LACK of proper planning and poor management of the Kariba Dam has resulted in the current powercuts as both Zambia’s power utility, Zambia Electricity Supply Company (Zesco) and the Zimbabwe Electricity Supply Authority, through its subsidiary Zimbabwe Power Company (ZPC), burst their water usage ceiling by huge volumes resulting in an unprecedented decline of water levels in the dam.
The Zimbabwe Electricity and Distribution Company (ZETDC) has introduced a schedule of massive power cuts stretching up to 18 hours a day, attributing this development to low water levels at Kariba Dam, generation constraints at Hwange Power Station and limited imports. There are chances that ZETDC may introduce longer load-shedding hours if the crisis persists.
“Previously published winter load-shedding schedules have been reviewed in line with the increased shortfalls owing to the depressed generation levels at Kariba Power Station. In the event of further deterioration of the current available power supply, the level and duration of load- shedding may go beyond the advertising schedules,” ZETDC said in a statement.
The power utility has also blamed weather patterns, especially drought, as well as introducing ridiculous and unusual methods of preserving power supply, which includes the ban on electric geysers.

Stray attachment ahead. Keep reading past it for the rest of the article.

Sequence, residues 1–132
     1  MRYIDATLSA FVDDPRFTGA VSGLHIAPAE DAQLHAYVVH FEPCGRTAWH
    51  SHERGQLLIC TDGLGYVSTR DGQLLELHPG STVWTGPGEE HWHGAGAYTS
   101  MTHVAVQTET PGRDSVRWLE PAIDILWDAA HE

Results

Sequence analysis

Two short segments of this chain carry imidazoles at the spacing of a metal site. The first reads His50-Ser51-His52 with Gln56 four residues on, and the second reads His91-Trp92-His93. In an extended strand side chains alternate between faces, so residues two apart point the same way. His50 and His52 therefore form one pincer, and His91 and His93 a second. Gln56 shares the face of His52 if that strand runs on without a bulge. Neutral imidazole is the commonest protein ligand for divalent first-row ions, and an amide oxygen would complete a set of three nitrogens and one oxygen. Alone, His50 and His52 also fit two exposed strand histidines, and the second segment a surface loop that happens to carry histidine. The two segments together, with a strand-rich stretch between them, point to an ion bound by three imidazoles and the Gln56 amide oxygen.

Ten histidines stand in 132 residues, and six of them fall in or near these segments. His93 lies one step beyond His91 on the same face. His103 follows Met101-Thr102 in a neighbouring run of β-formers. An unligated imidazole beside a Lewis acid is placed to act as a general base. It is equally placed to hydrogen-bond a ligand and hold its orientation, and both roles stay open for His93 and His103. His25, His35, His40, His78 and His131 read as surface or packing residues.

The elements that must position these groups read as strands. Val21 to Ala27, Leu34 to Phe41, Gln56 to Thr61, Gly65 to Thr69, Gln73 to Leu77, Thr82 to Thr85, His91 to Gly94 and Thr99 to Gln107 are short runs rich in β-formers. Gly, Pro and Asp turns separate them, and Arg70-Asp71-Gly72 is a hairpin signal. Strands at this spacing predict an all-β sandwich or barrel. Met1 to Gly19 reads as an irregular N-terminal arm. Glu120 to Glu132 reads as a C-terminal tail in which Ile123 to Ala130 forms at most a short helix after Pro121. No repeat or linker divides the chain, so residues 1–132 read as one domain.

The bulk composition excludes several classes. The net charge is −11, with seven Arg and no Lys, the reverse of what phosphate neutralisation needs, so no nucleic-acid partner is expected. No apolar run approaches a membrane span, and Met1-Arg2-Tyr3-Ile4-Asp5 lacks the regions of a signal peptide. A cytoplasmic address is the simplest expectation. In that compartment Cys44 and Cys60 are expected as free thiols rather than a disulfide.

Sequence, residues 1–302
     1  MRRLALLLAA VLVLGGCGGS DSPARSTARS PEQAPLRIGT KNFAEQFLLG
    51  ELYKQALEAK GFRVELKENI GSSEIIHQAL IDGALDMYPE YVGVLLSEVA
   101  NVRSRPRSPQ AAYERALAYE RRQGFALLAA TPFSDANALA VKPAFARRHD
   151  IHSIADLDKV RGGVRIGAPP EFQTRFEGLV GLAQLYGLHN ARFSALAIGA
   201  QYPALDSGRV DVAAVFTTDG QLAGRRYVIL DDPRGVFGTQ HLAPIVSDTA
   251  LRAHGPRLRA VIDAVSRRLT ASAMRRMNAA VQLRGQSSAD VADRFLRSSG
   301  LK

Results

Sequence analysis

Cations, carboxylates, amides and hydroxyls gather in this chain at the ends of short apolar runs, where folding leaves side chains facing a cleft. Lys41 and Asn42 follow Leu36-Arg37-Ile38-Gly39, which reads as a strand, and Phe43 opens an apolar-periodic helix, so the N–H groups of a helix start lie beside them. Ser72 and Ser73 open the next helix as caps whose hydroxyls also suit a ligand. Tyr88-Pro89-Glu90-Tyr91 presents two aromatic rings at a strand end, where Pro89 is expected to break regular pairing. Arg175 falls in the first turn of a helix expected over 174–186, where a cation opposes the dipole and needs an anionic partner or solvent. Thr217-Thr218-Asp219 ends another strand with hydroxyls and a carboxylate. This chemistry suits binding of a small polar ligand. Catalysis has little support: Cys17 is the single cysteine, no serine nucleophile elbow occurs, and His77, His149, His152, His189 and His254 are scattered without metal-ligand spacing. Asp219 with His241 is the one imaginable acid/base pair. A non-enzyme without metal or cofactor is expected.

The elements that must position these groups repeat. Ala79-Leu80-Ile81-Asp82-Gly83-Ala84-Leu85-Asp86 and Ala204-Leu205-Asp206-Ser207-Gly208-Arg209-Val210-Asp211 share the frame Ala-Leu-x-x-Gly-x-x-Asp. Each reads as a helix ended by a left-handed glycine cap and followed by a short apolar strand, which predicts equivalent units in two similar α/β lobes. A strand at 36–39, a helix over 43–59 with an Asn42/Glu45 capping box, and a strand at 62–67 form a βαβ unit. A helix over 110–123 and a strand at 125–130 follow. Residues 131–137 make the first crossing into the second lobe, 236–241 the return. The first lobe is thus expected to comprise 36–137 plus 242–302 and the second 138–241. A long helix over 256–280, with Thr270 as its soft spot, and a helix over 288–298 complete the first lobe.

However, in a report titled Kariba Dam and power crisis: The cost of poor management, Greg Mills, the head of the Johannesburg-based Brenthurst Foundation, which has a global network of top analysts, says that excessive use of water by both Zesco and ZPC is the reason for the current major power crisis in Zimbabwe and Zambia.
Mills outlines that Zimbabwe has been heavily relying on Kariba for power generation because of its failure to rehabilitate its thermal power stations, while Zambia has also been relying on Kariba to meet the growing demand for electricity, largely because of the growth of its economy.
“Zimbabwe’s power demand is some 2 200MW (megawatts). Its supply is usually around two-thirds of this. In April 2015, for example, Harare, Bulawayo and Munyati stations were producing a combined output of 78MW against a capacity of 265MW. With problems afflicting Hwange Thermal Station, with an installed capacity of 920MW, pressure for continued production has been placed on Kariba to deliver close to its 750MW,” Mills explains in his report.
“Demand for electricity has grown very rapidly in Zambia as new customers have been connected to the grid. These have included residential, commercial, agricultural, industrial, and mining customers. Demand has increased from around 1 600MW in 2008 to about 2 200MW in 2015.”